data.flux [12 XGA version]
28 JAN – 17 FEB 2019
Opening party: Monday 28 JAN | 20:00
The leading Japanese artist returns to the Onassis Stegi with an installation which challenges the limits of human perception and digital technology. How many patterns lie hidden in the universe around us and how many do we have deep within us? How random, ultimately, are the things we consider random? The latest work in Ryoji Ikeda’s “datamatics” series is a torrent of digits and data, a rift in the viewer's time and space.
The installation includes high-speed video sequences, stroboscopic projections and high frequency audio fluctuations.
data.flux [12 XGA version ], audiovisual installation, 2017 © Ryoji Ikeda | Courtesy of: Parallax 2017
Internationally acclaimed for his digital art audio-visual installations, Ryoji Ikeda knows how to electrify the human senses. In a dark and silent environment, pulses of light and sound set the body vibrating with new data every second: the geographical coordinates of our solar system, space-time sequences, genetic codes, molecular information, numbers, lines, letters.
With the precision of a metronome, twelve parallel video projectors synchronize with a minimalist electronic composition, turning numbers and data into the ultimate sensory experience for the visitor.
From the micro-patterns that exist around us to the codified knowledge of the whole world, “data.flux [12 XGA version]”, the recent multimedia addition to Ryoji Ikeda's “datamatics” project-in-progress, uses the language and aesthetic of mathematics to compose countless sequential frames and pose experiential questions to the public about existence and transcendent identity.
17 seconds in the universe of data.flux [12XGA version]
creditsConcept, Composition: Ryoji Ikeda
Computer Graphics, Programming: Norimichi Hirakawa, Tomonaga Tokuyama
Materials: DLP projectors, computers, speakers
Courtesy of: 2017 Parallax
Opening party on Monday 28 January at 20:00.
Dj set: Voltnoi Brege
read moreSince it began in 2006, the ongoing “datamatics” series has to date presented over twenty different types of installation worldwide, including animation, new media, sound and sculptural representations. Visitors and art critics have described the experience as "hypnotic" and "ritualistic".
Having presented its latest multimedia installation in Taiwan, Data Flux is coming to Greece to captivate Athenian audiences, too. Semitones are transformed into dotted lines, sound waves into pulsating pixels and high frequencies into tables of data, testing the limits of the viewer's conscious and unconscious perception.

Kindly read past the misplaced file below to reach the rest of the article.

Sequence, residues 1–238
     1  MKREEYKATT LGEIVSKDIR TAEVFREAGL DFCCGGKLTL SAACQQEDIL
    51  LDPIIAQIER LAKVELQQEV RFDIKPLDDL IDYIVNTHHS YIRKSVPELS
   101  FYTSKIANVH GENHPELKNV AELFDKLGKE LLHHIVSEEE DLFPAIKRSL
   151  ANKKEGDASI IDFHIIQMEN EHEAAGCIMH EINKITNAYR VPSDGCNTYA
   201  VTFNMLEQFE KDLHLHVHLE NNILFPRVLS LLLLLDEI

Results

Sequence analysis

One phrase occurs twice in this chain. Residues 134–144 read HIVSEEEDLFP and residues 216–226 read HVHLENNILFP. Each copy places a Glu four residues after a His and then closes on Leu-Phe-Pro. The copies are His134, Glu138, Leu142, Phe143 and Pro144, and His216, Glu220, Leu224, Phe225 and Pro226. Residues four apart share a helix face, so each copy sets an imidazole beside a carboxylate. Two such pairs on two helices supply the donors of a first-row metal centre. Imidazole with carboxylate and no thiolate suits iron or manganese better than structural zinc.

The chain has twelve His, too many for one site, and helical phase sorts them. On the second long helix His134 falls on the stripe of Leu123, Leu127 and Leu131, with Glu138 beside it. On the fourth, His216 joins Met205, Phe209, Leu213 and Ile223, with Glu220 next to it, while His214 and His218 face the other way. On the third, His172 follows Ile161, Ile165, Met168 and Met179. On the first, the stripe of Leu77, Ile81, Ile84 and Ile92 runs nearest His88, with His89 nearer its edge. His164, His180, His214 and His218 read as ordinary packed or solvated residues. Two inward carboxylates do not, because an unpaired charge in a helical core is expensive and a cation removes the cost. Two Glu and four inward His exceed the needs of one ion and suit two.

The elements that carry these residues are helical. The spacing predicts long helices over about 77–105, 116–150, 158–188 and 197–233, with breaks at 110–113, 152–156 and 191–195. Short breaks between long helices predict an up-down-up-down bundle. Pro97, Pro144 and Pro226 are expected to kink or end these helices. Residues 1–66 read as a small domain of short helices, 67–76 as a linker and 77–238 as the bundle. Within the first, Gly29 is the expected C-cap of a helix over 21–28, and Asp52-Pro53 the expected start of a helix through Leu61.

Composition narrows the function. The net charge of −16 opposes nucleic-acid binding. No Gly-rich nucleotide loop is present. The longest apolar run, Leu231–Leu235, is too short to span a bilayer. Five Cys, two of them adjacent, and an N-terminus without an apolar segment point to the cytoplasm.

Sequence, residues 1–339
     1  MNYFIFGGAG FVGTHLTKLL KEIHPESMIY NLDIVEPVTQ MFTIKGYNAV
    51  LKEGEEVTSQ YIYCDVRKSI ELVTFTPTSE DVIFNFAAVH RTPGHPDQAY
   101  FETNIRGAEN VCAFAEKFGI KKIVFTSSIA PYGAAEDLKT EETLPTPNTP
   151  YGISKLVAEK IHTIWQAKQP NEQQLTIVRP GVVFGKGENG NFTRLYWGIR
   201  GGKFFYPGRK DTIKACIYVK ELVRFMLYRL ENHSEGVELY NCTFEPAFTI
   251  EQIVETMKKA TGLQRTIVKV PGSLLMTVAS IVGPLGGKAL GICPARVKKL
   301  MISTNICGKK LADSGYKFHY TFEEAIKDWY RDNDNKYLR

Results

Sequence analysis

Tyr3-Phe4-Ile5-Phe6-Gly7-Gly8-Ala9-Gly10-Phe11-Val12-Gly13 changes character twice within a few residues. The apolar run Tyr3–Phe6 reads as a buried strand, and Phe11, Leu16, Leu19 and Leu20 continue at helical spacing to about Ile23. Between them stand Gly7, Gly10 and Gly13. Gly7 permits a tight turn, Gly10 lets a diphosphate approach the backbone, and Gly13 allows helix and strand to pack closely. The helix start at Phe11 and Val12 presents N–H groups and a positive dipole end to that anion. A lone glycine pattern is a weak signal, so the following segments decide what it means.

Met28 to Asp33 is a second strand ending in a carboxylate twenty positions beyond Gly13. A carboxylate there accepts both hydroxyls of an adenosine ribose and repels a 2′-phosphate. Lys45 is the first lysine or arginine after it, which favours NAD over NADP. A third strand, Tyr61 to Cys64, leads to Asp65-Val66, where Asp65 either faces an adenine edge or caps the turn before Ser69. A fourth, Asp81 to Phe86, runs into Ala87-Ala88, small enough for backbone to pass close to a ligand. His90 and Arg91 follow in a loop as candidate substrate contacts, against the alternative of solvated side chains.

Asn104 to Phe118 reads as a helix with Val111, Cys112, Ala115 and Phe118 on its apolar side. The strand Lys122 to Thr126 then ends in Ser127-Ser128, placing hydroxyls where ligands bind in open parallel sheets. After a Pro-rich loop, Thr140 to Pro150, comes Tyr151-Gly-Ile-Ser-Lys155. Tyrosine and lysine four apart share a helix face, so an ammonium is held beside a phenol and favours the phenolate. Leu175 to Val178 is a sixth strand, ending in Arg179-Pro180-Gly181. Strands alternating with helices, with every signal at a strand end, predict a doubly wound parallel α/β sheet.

"Even when things seem to be in a state of constant flux, forever regrouping into distinct patterns, unbroken continuity is simply an illusion created by the magnitude of the data we receive", the artist stated in an interview at the YCAM art centre in Japan, one of very few he has given – Ryoji Ikeda avoids the limelight, preferring his work to be experienced rather than analyzed.
Though he has collaborated over the years with several scientists in the field and has completed a residency at the CERN Research Centre (after receiving the Prix Ars Electronica Collide in 2014), the Japanese artist does not aim his work at a specialized audience. He keeps it deliberately simple, straightforward, addressed to everyone.
Born in 1966 in the contemporary home of technological innovation, Japan, Ryoji Ikeda started out in sound art in the mid-90s and quickly earned a global reputation as a pioneer of minimal electro composition. Based in Paris, in recent years he works primarily with long-term productions and multimedia tools in which sounds, visual material, mathematical concepts and natural phenomena are embodied as animations, immersive installations and concerts.
He has exhibited his work in the world's most important contemporary art venues, including the Tate Modern in London and the Australian Centre for the Moving Image. He has also taken part in key digital art festivals such as the Sónar Festival Barcelona and the Elektra Festival Montreal, as well as playing DJ sets in small clubs in France. In addition, he creates artistic interventions with public works in major Western metropolises, like Amsterdam, London, Paris, New York, Los Angeles.